Your personal calendar is an important tool in conducting an effective job search. As simple as it sounds, how you organize and choose to spend your time has a huge impact on the velocity and success of your job search.

There are plenty of calendar tools on laptops, smart phones, tablets and other devices that can help serve as your external memory and send you reminders of appointments and to-do’s.

In my view, it’s not the tool, but the way you use the tool that makes the greatest impact.

Steven R. Covey’s “The Seven Habits Of Highly Effective People” has an excellent, detailed description of how to manage and work a calendar.

For the job seeker, this translates into planning out your job search a week at a time.

First, schedule in your known recurring meetings – job support groups, training classes, meetings with accountability partners, time at the gym, networking meetings. With these scheduled, you’ll have blocks of time left over for your other job search processes and tasks. Set up some time after each known meeting for taking notes, entering contacts, updating your social media (Linked In invitations). Also scheduled appointments with yourself for company research, placing outbound networking phone calls and emails, and looking at job boards. Early in the job search, you will want to schedule time for building the artifacts such as resumes, sample cover letters, business cards, and others. The artifacts will be covered in a separate article.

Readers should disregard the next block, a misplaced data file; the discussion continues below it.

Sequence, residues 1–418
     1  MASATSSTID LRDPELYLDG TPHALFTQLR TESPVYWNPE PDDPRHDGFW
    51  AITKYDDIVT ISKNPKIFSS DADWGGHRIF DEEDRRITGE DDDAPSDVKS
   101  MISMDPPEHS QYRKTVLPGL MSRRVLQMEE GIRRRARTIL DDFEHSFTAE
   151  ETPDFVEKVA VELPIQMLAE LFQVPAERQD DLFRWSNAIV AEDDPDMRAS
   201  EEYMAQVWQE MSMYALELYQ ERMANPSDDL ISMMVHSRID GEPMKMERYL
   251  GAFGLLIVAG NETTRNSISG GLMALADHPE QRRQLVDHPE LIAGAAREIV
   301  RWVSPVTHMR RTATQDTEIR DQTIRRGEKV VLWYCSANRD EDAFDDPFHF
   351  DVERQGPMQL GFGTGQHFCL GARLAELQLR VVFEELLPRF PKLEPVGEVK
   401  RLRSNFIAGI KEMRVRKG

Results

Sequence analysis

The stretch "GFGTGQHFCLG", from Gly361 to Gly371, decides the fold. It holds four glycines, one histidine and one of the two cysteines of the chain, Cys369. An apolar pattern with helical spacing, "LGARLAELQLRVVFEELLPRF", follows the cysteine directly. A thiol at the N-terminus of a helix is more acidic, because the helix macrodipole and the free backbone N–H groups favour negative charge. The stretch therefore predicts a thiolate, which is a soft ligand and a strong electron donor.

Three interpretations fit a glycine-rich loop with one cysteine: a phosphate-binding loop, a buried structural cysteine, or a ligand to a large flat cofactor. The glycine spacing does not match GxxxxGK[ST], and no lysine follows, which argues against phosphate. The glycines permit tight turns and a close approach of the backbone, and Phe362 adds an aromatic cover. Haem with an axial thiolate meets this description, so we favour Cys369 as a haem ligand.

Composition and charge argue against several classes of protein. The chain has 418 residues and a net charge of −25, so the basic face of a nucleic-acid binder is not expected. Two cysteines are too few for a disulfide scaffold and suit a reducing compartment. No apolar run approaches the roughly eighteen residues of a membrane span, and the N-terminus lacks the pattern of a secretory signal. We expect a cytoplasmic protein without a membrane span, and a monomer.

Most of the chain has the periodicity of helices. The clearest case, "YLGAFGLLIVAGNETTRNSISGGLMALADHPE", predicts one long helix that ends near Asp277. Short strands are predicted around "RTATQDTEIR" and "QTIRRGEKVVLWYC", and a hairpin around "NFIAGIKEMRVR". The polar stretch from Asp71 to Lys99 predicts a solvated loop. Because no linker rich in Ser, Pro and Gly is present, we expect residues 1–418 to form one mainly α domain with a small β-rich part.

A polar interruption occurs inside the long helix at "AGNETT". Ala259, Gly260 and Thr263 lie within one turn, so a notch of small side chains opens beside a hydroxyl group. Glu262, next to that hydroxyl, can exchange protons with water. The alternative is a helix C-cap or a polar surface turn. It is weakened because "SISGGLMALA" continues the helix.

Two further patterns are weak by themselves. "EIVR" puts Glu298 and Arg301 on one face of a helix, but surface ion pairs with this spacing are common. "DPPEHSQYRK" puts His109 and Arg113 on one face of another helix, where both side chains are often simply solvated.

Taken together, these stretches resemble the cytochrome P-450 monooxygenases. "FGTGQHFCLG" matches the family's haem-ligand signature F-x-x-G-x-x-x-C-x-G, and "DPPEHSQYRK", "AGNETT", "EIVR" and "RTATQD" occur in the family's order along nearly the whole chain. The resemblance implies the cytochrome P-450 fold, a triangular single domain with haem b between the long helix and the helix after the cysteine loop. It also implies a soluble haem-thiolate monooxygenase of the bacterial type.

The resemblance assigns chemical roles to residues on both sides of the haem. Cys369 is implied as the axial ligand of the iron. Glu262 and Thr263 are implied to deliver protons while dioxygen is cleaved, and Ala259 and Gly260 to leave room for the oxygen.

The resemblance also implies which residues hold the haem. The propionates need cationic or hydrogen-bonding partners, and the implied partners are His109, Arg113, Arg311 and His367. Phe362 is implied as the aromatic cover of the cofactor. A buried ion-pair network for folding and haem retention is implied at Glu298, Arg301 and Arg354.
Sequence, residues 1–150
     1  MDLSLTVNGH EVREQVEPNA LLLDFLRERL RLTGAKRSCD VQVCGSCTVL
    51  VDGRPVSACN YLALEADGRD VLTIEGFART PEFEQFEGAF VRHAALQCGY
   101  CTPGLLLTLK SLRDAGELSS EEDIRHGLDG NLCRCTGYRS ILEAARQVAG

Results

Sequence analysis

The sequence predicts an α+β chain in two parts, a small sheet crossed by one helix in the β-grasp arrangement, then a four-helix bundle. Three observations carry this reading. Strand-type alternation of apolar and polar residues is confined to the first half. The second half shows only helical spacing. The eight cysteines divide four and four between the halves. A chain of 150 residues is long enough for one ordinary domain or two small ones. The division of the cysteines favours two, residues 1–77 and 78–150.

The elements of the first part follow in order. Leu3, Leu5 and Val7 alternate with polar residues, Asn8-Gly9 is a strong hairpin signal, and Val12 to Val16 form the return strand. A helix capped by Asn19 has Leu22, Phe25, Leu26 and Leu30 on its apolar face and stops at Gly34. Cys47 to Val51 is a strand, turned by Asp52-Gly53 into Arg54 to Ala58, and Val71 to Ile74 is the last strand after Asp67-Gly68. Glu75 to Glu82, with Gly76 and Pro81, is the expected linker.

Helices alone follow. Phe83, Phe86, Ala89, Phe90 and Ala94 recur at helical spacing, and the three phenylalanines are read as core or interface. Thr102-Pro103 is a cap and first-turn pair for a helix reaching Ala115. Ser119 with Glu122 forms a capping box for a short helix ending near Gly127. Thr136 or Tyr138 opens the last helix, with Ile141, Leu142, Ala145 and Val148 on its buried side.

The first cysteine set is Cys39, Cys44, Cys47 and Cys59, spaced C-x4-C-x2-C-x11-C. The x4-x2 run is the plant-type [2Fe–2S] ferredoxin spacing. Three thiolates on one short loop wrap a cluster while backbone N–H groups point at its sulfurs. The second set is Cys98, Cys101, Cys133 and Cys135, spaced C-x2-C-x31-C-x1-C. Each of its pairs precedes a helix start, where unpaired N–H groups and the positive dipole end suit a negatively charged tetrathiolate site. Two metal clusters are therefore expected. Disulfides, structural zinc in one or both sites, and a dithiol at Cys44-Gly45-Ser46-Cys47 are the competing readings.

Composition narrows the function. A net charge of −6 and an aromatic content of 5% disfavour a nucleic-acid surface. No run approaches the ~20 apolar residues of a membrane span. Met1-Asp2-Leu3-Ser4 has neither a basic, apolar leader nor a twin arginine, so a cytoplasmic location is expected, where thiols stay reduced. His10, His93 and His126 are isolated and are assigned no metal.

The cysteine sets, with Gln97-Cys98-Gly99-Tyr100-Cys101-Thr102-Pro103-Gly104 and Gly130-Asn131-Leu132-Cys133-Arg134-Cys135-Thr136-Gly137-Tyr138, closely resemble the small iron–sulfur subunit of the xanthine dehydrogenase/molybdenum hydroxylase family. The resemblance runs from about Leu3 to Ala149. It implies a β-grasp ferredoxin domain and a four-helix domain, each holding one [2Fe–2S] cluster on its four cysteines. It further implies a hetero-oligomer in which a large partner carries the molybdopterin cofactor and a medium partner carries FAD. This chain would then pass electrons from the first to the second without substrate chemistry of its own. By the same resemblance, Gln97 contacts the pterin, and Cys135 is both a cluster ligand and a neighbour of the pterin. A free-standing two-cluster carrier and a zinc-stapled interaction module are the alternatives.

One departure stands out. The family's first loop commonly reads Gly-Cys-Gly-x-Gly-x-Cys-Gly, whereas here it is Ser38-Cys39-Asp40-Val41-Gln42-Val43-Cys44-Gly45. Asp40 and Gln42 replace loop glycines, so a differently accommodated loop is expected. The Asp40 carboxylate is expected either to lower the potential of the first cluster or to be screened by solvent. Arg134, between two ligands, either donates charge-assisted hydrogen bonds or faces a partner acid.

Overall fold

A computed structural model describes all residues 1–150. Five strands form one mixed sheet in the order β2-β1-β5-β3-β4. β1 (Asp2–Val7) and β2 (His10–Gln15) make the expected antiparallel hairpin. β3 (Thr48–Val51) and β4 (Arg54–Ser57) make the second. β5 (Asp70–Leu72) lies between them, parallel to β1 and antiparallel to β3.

Deciding how much of your time you want to spend on your job search in relation to your other activities will determine your velocity. Knowing where the big chunks of time are will help you schedule activities that take longer into uninterrupted segments. Scheduling morning coffee networking meetings and networking lunches are more easily balanced and shifted as interview opportunities arise. Job seekers often have evening activities as well, and understanding your calendar and time commitments will help you communicate with friends and family those changes in schedule that are unplanned but likely to disrupt other activities.

Finally, plan in some time to manage your time.  A few minutes in the morning to set and reset appointments, a few minutes in the evening to review what works and what doesn’t, and a half-an-hour a week to plan the next week.

Being in control of your time is being in control of your life, and your job search.

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